Hayden Christensen plays as David Rice and he gives an almost emotionless performance. His acting just wasn't convincing me and I know he can do better if he tries like he did in Episode III. Jamie Bell plays as Griffin and hes probably the only one in the film that I thought gave a very good performance. Hes witty and relaxed the way he should be. I remember him playing in Peter Jackson's King Kong which he had a decent role in. Its nice to see him somewhere in the lead this time. Rachel Bilson plays as Millie Harris and I kind of liked her in this role. She doesn't have much chemistry with Christensen, but I still liked that she was somewhat sophisticated. Samuel L. Jackson plays as Roland and he kind of surprised me. Honestly, when I first saw the trailer for Jumper, I just thinking "what the hell is Jackson doing in a movie like this". Than I saw the movie and thought he wasn't that bad in it. He doesn't really make for a good villain, but I still thought he gave a pretty good performance in his role.
The visual effects for Jumper are simply great. The movie was just released early this year so the films source is in excellent shape. I didn't notice any film grain and the image was clean through out the movie. Colors are pretty eye popping and very stylized. Their are some scenes where it seems like its somewhat oversaturated, but it looks vibrant for the most part. The film has many scenes where it shows its wonderful colors and this is mostly when David is seen in different locations. Flesh tones look pretty accurate with maybe some scenes alittle off. Detail is very clear and sharp. Environments look highly detailed and show alot of clarity. Close up shots show alot on the characters faces. The movie also contains many CGI footage that looks great. Animations look real and similar to those found in real life. This is a great looking movie that will end up being demo material.
The soundtrack in Jumper is very lively. The movie is scored by composer John Powell who also composed other hits such as X-Men: The Last Stand and The Bourne Ultimatum. The movies score is almost non-existent and hardly feels like its been used enough. The only real time we get to listen to it is during the end credits. Even with that, Jumper still features other music from various artists. All these music sound great and seems to go well with the films style. Bass is cranked up high and loud. Jumper has many scenes that use its bass to the limit. You can hear the rumble when someone jumps to another place. Dynamics hold up really well and show some aggressive use for the films rocking bass. This is easily reference material and something Id use to demo off my surround sound.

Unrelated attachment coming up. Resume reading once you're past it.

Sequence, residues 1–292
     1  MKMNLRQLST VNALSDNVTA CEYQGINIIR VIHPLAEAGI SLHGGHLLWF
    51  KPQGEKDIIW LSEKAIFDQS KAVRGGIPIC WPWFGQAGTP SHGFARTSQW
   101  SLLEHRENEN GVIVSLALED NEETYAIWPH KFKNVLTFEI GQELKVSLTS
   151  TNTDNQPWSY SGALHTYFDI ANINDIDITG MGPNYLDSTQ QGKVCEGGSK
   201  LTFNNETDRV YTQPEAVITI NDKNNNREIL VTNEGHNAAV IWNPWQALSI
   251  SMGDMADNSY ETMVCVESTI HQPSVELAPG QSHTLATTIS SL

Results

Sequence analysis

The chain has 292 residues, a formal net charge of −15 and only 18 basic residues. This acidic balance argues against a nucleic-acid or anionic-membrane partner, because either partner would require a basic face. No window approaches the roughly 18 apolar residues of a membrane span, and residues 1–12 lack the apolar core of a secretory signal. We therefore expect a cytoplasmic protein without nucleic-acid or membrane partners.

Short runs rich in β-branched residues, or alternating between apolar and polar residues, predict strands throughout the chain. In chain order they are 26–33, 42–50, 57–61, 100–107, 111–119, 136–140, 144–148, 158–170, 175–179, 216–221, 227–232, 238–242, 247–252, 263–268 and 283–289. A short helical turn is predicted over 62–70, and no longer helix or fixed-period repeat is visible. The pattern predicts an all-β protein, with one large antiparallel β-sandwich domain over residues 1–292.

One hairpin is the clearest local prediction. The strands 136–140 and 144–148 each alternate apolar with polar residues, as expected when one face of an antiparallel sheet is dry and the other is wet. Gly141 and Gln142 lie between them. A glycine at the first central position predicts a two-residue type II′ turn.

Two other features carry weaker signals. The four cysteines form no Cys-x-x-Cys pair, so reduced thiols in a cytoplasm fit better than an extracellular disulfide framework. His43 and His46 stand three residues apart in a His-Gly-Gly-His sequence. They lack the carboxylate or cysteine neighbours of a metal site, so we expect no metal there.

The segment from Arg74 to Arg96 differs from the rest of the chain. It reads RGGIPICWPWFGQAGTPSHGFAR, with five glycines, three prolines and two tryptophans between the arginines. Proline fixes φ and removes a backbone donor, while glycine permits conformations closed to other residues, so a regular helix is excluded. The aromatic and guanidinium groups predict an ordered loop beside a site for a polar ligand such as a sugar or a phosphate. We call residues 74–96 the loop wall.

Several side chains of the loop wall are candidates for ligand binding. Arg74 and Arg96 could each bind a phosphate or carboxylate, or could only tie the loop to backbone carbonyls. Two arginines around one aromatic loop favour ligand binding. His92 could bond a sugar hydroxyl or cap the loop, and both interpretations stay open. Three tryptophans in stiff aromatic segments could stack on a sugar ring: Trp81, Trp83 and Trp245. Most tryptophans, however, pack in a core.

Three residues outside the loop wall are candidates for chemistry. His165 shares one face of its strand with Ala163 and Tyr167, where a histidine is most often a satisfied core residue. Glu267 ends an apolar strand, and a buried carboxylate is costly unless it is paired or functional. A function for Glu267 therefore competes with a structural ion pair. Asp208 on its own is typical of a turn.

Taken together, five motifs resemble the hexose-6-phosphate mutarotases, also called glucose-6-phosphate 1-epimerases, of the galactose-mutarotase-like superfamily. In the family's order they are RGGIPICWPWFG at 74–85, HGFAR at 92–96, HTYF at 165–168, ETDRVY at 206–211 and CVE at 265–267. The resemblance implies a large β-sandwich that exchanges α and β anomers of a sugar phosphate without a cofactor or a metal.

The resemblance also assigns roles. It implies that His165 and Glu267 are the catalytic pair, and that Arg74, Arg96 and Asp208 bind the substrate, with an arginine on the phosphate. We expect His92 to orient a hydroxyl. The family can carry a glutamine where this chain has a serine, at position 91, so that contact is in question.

Jumper has an interesting concept that could have easily been made into a great film, but its under developed script brings it down a notch. The story although somewhat entertaining feels sloppy and a bit rushed. We get left with many questions that don't get answers too. The cast is average at best with most of them giving out decent performances. The visual effects for the movie are simply great and awesome to look at. The soundtrack is rocking with some strong bass and good music. This movie might be worth checking out if your bored and looking for some fun. Just make sure to have an open mind and not pay too much attention to its story. Here's hoping the sequel which they made it obvious near the end turns out better.